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New MASTER protected bikes are six times less likely to be stolen
Data released by the Motorcycle Industry Association (MCIA) state that the new MASTER protected motorcycles are six times less likely to be stolen!
Recent analysis of the 2017 theft data for new motorcycles shows a massive different between machines which are marked with the MASTER Security Scheme compared those which are not.
What is the MASTER scheme?
MASTER stands for Motorcycle and Scooter Tagged Equipment Registration, and it was launched back in 2013. It’s the UK’s only official and national schemed that has been adopted by a large proportion of motorcycle manufacturers over the years.
The aim of the scheme is to help deter theft and make it easier to secure convictions on those bikes that are stolen.
How does the MASTER Security Scheme work?
There’s an array of sophisticated technology behind the MASTER Security Scheme that works by marking the motorcycle or scooter’s major components with its own unique ‘fingerprint’.
This is a layered approach that involved a combination of visible and hidden elements including tamper evident warning labels, hidden microscopic Datadots, stealth UV etching and a number of unique radio frequency identification transponders which are embedded into parts.
The technology is similar to chipping cats and dogs, but it cannot be altered or erased.
All motorcycles and scooters from participating manufacturers are registered on the MASTER Security Scheme’s national database. This is updated continuously, which means the reporting of stolen vehicles is immediate.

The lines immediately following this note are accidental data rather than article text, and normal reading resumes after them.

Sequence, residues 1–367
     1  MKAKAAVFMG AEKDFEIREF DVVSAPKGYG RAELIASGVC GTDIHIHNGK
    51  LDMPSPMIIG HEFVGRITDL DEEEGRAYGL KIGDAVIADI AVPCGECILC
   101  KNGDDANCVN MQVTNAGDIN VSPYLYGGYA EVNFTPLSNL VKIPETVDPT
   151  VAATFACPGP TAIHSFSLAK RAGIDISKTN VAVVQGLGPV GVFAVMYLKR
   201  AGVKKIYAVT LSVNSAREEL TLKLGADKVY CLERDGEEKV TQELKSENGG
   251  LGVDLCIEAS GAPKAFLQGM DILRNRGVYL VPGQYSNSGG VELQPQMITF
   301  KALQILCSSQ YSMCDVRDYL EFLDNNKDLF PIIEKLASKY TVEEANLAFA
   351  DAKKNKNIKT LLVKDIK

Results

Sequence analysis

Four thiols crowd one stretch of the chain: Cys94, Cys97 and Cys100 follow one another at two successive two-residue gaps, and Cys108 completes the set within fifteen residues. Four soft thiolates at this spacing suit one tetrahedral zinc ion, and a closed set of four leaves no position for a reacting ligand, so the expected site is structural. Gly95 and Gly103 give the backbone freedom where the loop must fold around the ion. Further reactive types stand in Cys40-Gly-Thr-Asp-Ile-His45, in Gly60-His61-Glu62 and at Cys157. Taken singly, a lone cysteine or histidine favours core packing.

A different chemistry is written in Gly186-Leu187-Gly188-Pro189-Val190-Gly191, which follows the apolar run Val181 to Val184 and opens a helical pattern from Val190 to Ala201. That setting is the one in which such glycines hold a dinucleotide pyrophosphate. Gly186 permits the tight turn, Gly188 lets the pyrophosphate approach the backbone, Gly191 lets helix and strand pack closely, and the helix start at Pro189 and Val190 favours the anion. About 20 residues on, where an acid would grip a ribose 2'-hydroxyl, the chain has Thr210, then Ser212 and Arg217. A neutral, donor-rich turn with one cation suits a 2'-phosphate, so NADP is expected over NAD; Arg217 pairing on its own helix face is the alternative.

The results provided from the MASTER scheme database combined with the new registration data show 66,423 new motorcycles and scooter were registered in the UK from the 1st January to 31st July 2017.
42,254 machines were marked with the MASTER scheme and only 78 have been reported stolen, compared to the 24,169 machines that were not protected by MASTER, 285 have been reported stolen.
It clearly shows that the MASTER tagged machines registered in the first seven months of 2017 have a theft rate of just 0.18% unlike the non-MASTER tagged new bikes that state a theft rate of 1.17%.
Steve Kenward, CEO of the Motorcycle Industry Association, which introduced the MASTER scheme back in 2013 said:
“The MASTER Security Scheme represents a significant investment by major brands and these figures confirm that the decision to invest in the official MASTER scheme was the right thing to do.
“This data is very encouraging and hopefully will persuade those manufacturers not yet marking bikes to reconsider the MASTER Scheme as significant benefit to their customers.”
There are now over 250,000 MASTER protected machines in the UK and this number continues to rise.
Is your motorcycle protected by the MASTER Security Scheme?
To find out more about the MASTER Security Scheme now.